Additionally, as shown in FIGS. 2 and 5, the intermediate slide segment 330 includes a stop member 335 proximate one end of the intermediate slide segment 330. In the illustrated embodiment, the stop member 335 includes a boss 335 a disposed in the channel 338 and extending between the upper and lower walls 332, 334. In the illustrated embodiment, the stop member 335 also includes a pin 335 b extending or protruding out from the boss 335 a and through the upper and lower walls 332, 334. In one embodiment, the boss 335 a and pin 335 b are separate components. However, in another embodiment, the boss 335 a and the pin 335 b can be a single piece. The boss 335 advantageously limits the travel of the movable slide member 350 and a ball bearing retainer between the intermediate slide member 330 and the moveable slide member 350, which is discussed further below, once the movable slide member 350 has been moved into a fully retracted position relative to the intermediate slide segment 330. Similarly, the pin 335 b limits the travel of the ball bearing spacer 320 disposed between the intermediate slide segment 330 and the stationary slide segment 310.

The intermediate slide segment 330 also includes a lock arm 337 a, which preferably pivots about a pin 337 b. The lock arm 337 a has a channel-shaped portion 337 c, through which the protrusion 319 on the stationary slide 310 travels when the intermediate slide 330 is moved into a fully extended position out of the stationary slide 310. Once in the fully-extended position, the lock arm 337 a preferably clears the protrusion 319 and pivots about the pin 337 b to lock the intermediate slide 330 in the fully extended position relative to the stationary slide 310. In one embodiment, the arm 337 a pivots so as to abut against the protrusion 319 if an attempt is made to retract the intermediate slide 330 form the fully extended position into the stationary slide 310. In one embodiment, an unlocking mechanism (not shown) preferably aligns the lock arm 337 a with the protrusion 319, allowing the intermediate slide 330 to retract into the stationary slide 310. In another embodiment, when the intermediate slide segment 330 is moved into a fully extended position, the protrusion 319 travels into and frictionally engages the lock arm 337 a, thus substantially locking the position of the intermediate slide 330 in the extended position relative to the stationary slide segment 310 and inhibiting the inadvertent movement of the intermediate slide 330 from said fully extended position. However, the friction force between the lock arm 337 a and the protrusion 319 is preferably overcome by a user exerting a desired amount of force on the intermediate slide 330 to retract it into the stationary slide 310.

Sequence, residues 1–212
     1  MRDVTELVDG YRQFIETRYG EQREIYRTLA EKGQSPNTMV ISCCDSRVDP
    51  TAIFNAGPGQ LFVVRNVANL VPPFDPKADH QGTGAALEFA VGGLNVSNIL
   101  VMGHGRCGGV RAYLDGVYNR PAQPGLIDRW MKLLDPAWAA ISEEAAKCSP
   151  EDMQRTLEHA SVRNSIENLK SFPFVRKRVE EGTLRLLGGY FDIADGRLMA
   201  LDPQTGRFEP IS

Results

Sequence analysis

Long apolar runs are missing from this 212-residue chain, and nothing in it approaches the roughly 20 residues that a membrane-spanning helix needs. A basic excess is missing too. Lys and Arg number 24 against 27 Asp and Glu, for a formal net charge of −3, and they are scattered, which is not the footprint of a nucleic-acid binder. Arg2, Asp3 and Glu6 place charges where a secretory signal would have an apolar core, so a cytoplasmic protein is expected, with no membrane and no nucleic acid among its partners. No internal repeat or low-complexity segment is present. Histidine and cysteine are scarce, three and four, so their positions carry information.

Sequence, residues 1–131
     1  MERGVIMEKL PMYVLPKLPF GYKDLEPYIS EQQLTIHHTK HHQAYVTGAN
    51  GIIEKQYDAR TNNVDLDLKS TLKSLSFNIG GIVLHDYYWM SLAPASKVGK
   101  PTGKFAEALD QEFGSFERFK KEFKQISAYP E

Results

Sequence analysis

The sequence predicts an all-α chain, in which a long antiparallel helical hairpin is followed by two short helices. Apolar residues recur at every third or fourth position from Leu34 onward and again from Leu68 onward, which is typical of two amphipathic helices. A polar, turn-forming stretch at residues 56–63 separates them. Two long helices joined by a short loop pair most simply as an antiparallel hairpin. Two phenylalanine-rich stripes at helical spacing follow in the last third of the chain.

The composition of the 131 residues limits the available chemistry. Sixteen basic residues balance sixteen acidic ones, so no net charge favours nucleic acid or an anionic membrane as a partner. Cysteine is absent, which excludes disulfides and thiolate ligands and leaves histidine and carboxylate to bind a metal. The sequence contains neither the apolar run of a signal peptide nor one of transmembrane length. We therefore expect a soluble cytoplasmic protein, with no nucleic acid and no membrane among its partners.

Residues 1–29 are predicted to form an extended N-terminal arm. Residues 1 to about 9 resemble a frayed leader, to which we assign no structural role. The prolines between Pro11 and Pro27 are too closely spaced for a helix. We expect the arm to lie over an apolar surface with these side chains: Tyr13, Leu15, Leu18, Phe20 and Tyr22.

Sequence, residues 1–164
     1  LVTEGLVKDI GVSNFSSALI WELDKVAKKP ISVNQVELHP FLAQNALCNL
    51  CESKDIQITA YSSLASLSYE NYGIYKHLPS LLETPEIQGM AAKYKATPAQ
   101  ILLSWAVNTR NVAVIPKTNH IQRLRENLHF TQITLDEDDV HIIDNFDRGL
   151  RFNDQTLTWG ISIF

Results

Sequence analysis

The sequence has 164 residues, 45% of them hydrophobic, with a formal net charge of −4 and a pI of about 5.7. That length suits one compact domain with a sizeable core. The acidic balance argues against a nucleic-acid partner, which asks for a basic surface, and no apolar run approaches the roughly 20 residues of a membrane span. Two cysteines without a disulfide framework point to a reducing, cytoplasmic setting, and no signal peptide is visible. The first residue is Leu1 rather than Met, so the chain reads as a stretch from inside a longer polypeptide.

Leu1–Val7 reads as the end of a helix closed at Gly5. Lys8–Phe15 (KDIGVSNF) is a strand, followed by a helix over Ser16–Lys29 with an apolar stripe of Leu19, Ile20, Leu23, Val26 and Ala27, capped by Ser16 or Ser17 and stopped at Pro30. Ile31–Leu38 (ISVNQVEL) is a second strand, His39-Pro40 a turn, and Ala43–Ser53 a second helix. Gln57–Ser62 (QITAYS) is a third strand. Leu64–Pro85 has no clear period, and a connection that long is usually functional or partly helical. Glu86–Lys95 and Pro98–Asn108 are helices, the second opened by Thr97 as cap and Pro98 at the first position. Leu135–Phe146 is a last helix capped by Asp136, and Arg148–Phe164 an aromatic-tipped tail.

FIG. 7 shows a side view of the movable slide 350 of the slide assembly 300. With reference to FIGS. 7, and 8A-8C, the movable slide segment 350 preferably also has a generally C-shaped cross-section and comprises an upper wall 352, a lower wall 354, and a planar side wall 356 extending between the upper and lower walls 352, 354. Each of the upper and lower walls 352, 354 preferably defines an arcuate bearing surface 352 a, 354 a. The bearing surfaces 352 a, 354 a generally face outward away from the central longitudinal axis 302 of the slide assembly 300. Preferably, a longitudinal channel 358 is defined by the bearing surfaces 352 a, 354 a and a planar inner surface 356 a of the side wall 356. Additionally, as seen in FIG. 7, the movable slide 350 comprises multiple slots 360 formed on the upper wall 352 thereof. In the illustrated embodiment, the movable slide 350 has three slots 360 formed on the upper wall 352 at generally equidistant intervals. However, the slots 360 can be spaced apart at equidistant or non-equidistant intervals. Additionally, more or fewer slots can be formed on the movable slide. Preferably, each slot 360 comprises a saddle portion or opening 362 and a neck portion 364, as illustrated in FIG. 7. In a preferred embodiment, the opening 362 of the slot 360 is wider than the neck portion 364 of the slot 360. In a preferred embodiment, the slot 360 is J-shaped. However, the slots can have other suitable shapes, such as L-shaped.